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Facts Forum News, Vol. 5, No. 3, March 1956
File 019
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Facts Forum. Facts Forum News, Vol. 5, No. 3, March 1956 - File 019. 1956-03. University of Houston Libraries. University of Houston Digital Library. Web. November 12, 2019. https://digital.lib.uh.edu/collection/1352973/item/979/show/928.

Disclaimer: This is a general citation for reference purposes. Please consult the most recent edition of your style manual for the proper formatting of the type of source you are citing. If the date given in the citation does not match the date on the digital item, use the more accurate date below the digital item.

Facts Forum. (1956-03). Facts Forum News, Vol. 5, No. 3, March 1956 - File 019. Facts Forum News, 1955-1956. University of Houston Libraries. Retrieved from https://digital.lib.uh.edu/collection/1352973/item/979/show/928

Disclaimer: This is a general citation for reference purposes. Please consult the most recent edition of your style manual for the proper formatting of the type of source you are citing. If the date given in the citation does not match the date on the digital item, use the more accurate date below the digital item.

Facts Forum, Facts Forum News, Vol. 5, No. 3, March 1956 - File 019, 1956-03, Facts Forum News, 1955-1956, University of Houston Libraries, accessed November 12, 2019, https://digital.lib.uh.edu/collection/1352973/item/979/show/928.

Disclaimer: This is a general citation for reference purposes. Please consult the most recent edition of your style manual for the proper formatting of the type of source you are citing. If the date given in the citation does not match the date on the digital item, use the more accurate date below the digital item.

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Title Facts Forum News, Vol. 5, No. 3, March 1956
Series Title Facts Forum News
Creator
  • Facts Forum
Publisher Facts Forum
Date March 1956
Language eng
Subject
  • Anti-communist movements
  • Conservatism
  • Politics and government
  • Hunt, H. L.
Place
  • Dallas, Texas
Genre
  • journals (periodicals)
Type
  • Text
Identifier AP2.F146 v. 5 1956; OCLC: 1352973
Collection
  • University of Houston Libraries
  • Facts Forum News
Rights No Copyright - United States: This item is in the public domain in the United States and may be used freely in the United States. The item may not be in the public domain under the copyright laws of other countries.
Item Description
Title File 019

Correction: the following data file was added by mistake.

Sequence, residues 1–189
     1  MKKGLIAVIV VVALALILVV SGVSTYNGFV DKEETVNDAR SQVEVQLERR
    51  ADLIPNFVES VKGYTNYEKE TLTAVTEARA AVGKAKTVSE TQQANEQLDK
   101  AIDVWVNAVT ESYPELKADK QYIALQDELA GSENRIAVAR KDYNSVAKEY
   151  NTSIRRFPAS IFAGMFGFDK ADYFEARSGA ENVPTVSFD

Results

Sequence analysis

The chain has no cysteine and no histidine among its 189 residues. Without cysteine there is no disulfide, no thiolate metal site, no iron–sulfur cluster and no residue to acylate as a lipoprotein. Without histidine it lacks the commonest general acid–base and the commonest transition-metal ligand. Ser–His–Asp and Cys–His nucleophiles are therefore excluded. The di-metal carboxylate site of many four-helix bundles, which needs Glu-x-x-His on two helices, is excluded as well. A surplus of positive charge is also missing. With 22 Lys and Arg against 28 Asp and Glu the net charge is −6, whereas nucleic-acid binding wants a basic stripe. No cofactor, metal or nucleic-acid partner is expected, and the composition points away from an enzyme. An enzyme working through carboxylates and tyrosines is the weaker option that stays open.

Transcript 1C . mi"; "'j and Moscow's watchdog in Poland; Colonel Rozanski; and Colonel Fejgin. All three of these officials had been heavily compromised in Swiatlo's personal broadcasts. The nature and tim- 'ng of these regime actions appear to establish the following relationship between RFE's broadcasts and actual Political developments in Poland: 1- The regime felt compelled to produce an "explanation" (in the form of scapegoats) to the Polish people because the RFE programs were so widely heard in Poland. 2. The Trybuna Ludu, organ of the Polish Communist party, published an editorial asserting that Swiatlo was an American intelligence agent, and established a direct causal link between Swiat- lo, his broadcasts, and the subsequent reorganization of the security service, including the removal of Radldewicz and the arrest of three other secret police officials. Regime response provides strong evidence of extreme sensitivity to materia] directed against the Party apparatus, anil of the regime's conviction that the broadcasts reached large audiences in Poland. The regime's denunciations of Swiatlo and snbsequent "corrective measures indicate an anxiety to provide the public with official explanations, and to convince party members that those responsible would he punished. Listener reaction from Poland to the 3. c -,'aiei rW8?0 Programs was rapid. On Octo- SW three (l',vs after RFE's first Rpp J" Program, a letter was sent to Jnp. nrom. Krakow. After compliment regard- „ ». - -»...r,w,,. ,1IH| 11, | fll'E commentaries - of s""sl°* Rodkiewicz was Poland's Min- t,ece»arv e,,',"y be,ore his 'emoval wos made ""«' Iter'. '""owing an expose of his activities 'Ktfb, Willi: WORLD PHOTO Josef Pisarik, Mrs. Libuse Cloud, and Vaclav Uhlik tell Radio Free Europe listeners how they made a successful dash through barbed wire to freedom across the Czech-West German border in a homemade armored car that completely fooled Czech guards. Mrs. Cloud is the Czech wife of a U. S. Army veteran. "elector Josef Swiatlo. tw^ Ko»i"M News, March, 1956 ing Swiatlo, the letter went on to say: lliis ex-Colonel is well named, i "Swiatlo" means "light" in Polish. I As thunder echoes en the ears el the listener, his words, unforced by torture -nal like tin- "Swiatlo" ol Lightning, illuminate the sinister clooni ill the dark dungeons which arc the h ilations (il the I". B., which is the NKVI) agenc) in Poland. The revelations sound simply sensational ... to hear details ahnnt the tentacles of the Moscow octopus in Poland is an uncommon item of sensational information. A listener from Poznan wrote: "... I should like to thank you for your precious information with which you are comforting ns so much. Quite recently you brought us very funny news, and all because a fuse blew and the light went off. (Polish word for 'fuse'' is "bezpiecznik" which also means a member of the "Bczpicka" or Security Police.) All the Polish nation is very happy about it. Now, due to Mr. J. S., we know a lot about comrade Tomasz. (Tomasz is the party name of Bierut, Communist boss of Poland, as first revealed by Swiatlo.) These are things which are interesting to every one of us." \ regular woman correspondent from Gdansk wrote: "We Poles loathe the hand of rogues who rule Poland. Down with them! The Polish nation wauls to be free. . . We demand that the Warsaw government be removed immediately and Bierut with it." A letter received from Ols/.tyn on January II carried greetings to those "who pierce the Iron Curtain and escape westward to freedom, i.e., Polish airmen, seamen, anil Josol Swiatlo. who are speaking the truth on behalf of the Polish nation." Information from other sources bear out the reactions as evidenced in letters, for example, another source stated: "Swiatlo's revelations made a deep impression in Poland: they aroused hopes that antagonism existing among the regime's bigwigs might increase and that the power of the omnipotent Bezpieka would be curtailed. People were very pleased that a high official of the Bezpieka was clever enough to escape, eluding his supervisors." Other listener response indicates much satisfaction and even malicious glee at Swiatlo's compromising of the regime and its individual pillars, particularly Bierut. There is little doubt about the widespread public enjoyment of the "true spectacle" of the "spokesmen of Socialist morality." On February 18, 1955, a 'Polish refugee reported the existence of posters in Gdansk openly attacking RFE and Swiatlo. The posters, first displayed the previous December on walls of buildings, in public transport vehicles, and on outdoor advertising hoards, warned the people against "traitor Swiatlo" and denounced the "lies and slander" of RFE. A quacking (luck, meant to indicate the "lying" character of the broadcasts, was done in bright red, according to the refugee. The same source reported that "the effects ol Swiatlo's disclosures were much mote far-reaching than people in the West realize. They were a serious blow to the Red regime in Warsaw. The ill-considered poster campaign in Gdansk proves how depressed and upset the Communists have become as a result of the Swiatlo revelations." He also stated that the poster display had been met with laughter and lieadshaking by the people of Gdansk "It has served only to call the attention of everyone in Gdansk to Swiatlo. And when the Communists themselves opened the Swiatlo affair to public discussion, thev made it possible for people to discuss Swiatlo in public without running the risk of being accused of listening to Radio Free Europe." Page 17